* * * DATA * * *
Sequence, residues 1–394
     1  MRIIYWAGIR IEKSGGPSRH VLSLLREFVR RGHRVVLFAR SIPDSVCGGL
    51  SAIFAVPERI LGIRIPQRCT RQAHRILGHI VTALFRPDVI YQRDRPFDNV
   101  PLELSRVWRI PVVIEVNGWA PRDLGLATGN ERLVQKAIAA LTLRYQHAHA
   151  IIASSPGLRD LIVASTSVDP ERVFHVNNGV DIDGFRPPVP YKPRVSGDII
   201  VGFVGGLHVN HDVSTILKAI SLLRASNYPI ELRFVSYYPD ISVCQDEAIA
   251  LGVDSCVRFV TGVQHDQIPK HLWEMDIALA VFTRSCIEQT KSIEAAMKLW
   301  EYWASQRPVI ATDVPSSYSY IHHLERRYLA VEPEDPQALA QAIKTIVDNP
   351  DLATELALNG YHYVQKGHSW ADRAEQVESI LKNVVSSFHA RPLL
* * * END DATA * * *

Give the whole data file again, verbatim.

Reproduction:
Sequence, residues 1–394
     1  MRIIYWAGIR IEKSGGPSRH VLSLLREFVR RGHRVVLFAR SIPDSVCGGL
    51  SAIFAVPERI LGIRIPQRCT RQAHRILGHI VTALFRPDVI YQRDRPFDNV
   101  PLELSRVWRI PVVIEVNGWA PRDLGLATGN ERLVQKAIAA LTLRYQHAHA
   151  IIASSPGLRD LIVASTSVDP ERVFHVNNGV DIDGFRPPVP YKPRVSGDII
   201  VGFVGGLHVN HDVSTILKAI SLLRASNYPI ELRFVSYYPD ISVCQDEAIA
   251  LGVDSCVRFV TGVQHDQIPK HLWEMDIALA VFTRSCIEQT KSIEAAMKLW
   301  EYWASQRPVI ATDVPSSYSY IHHLERRYLA VEPEDPQALA QAIKTIVDNP
   351  DLATELALNG YHYVQKGHSW ADRAEQVESI LKNVVSSFHA RPLL